Critical Care Medicine

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Critical Care Medicine:
doi: 10.1097/CCM.0b013e3181b788ab
Clinical Investigations

Ubiquitin C-terminal hydrolase is a novel biomarker in humans for severe traumatic brain injury*

Papa, Linda MDCM, MSc; Akinyi, Linnet MS; Liu, Ming Cheng PhD; Pineda, Jose A. MD; Tepas, Joseph J. III MD; Oli, Monika W. PhD; Zheng, Wenrong PhD; Robinson, Gillian PhD; Robicsek, Steven A. MD; Gabrielli, Andrea MD; Heaton, Shelley C. PhD; Hannay, H Julia PhD; Demery, Jason A. PhD; Brophy, Gretchen M. PharmD; Layon, Joe MD; Robertson, Claudia S. MD; Hayes, Ronald L. PhD; Wang, Kevin K. W. PhD

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Objective: Ubiquitin C-terminal hydrolase (UCH-L1), also called neuronal-specific protein gene product (PGP 9.3), is highly abundant in neurons. To assess the reliability of UCH-L1 as a potential biomarker for traumatic brain injury (TBI) this study compared cerebrospinal fluid (CSF) levels of UCH-L1 from adult patients with severe TBI to uninjured controls; and examined the relationship between levels with severity of injury, complications and functional outcome.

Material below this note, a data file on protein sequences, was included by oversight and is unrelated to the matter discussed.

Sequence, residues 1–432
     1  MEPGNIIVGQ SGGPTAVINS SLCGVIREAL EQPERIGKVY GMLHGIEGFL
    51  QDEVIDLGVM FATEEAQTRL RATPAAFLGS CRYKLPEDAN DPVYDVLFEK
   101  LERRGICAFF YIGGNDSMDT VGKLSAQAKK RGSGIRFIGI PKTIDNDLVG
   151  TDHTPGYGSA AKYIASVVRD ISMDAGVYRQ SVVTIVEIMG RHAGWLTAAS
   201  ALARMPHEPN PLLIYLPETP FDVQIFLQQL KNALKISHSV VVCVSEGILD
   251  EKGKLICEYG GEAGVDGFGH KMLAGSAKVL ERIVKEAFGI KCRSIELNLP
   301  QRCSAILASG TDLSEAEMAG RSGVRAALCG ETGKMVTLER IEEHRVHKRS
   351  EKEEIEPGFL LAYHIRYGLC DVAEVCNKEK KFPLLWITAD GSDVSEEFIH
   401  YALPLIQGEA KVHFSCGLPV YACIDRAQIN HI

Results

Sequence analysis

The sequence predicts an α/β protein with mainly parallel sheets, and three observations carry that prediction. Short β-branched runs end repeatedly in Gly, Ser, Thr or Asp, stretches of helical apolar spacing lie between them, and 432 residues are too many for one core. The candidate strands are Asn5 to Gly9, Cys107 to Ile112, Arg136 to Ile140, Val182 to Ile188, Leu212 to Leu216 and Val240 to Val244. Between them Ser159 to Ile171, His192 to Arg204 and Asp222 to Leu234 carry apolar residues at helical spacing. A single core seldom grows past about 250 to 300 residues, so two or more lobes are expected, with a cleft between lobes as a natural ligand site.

Design: This study was designed as prospective case control study.

Patients: This study enrolled 66 patients, 41 with severe TBI, defined by a Glasgow coma scale (GCS) score of ≤8, who underwent intraventricular intracranial pressure monitoring and 25 controls without TBI requiring CSF drainage for other medical reasons.

Setting: Two hospital system level I trauma centers.

Measurements and Main Results: Ventricular CSF was sampled from each patient at 6, 12, 24, 48, 72, 96, 120, 144, and 168 hrs following TBI and analyzed for UCH-L1. Injury severity was assessed by the GCS score, Marshall Classification on computed tomography and a complicated postinjury course. Mortality was assessed at 6 wks and long-term outcome was assessed using the Glasgow outcome score 6 months after injury. TBI patients had significantly elevated CSF levels of UCH-L1 at each time point after injury compared to uninjured controls. Overall mean levels of UCH-L1 in TBI patients was 44.2 ng/mL (±7.9) compared with 2.7 ng/mL (±0.7) in controls (p <.001). There were significantly higher levels of UCH-L1 in patients with a lower GCS score at 24 hrs, in those with postinjury complications, in those with 6-wk mortality, and in those with a poor 6-month dichotomized Glasgow outcome score.

Conclusions: These data suggest that this novel biomarker has the potential to determine injury severity in TBI patients. Further studies are needed to validate these findings in a larger sample.

© 2010 by the Society of Critical Care Medicine and Lippincott Williams & Wilkins

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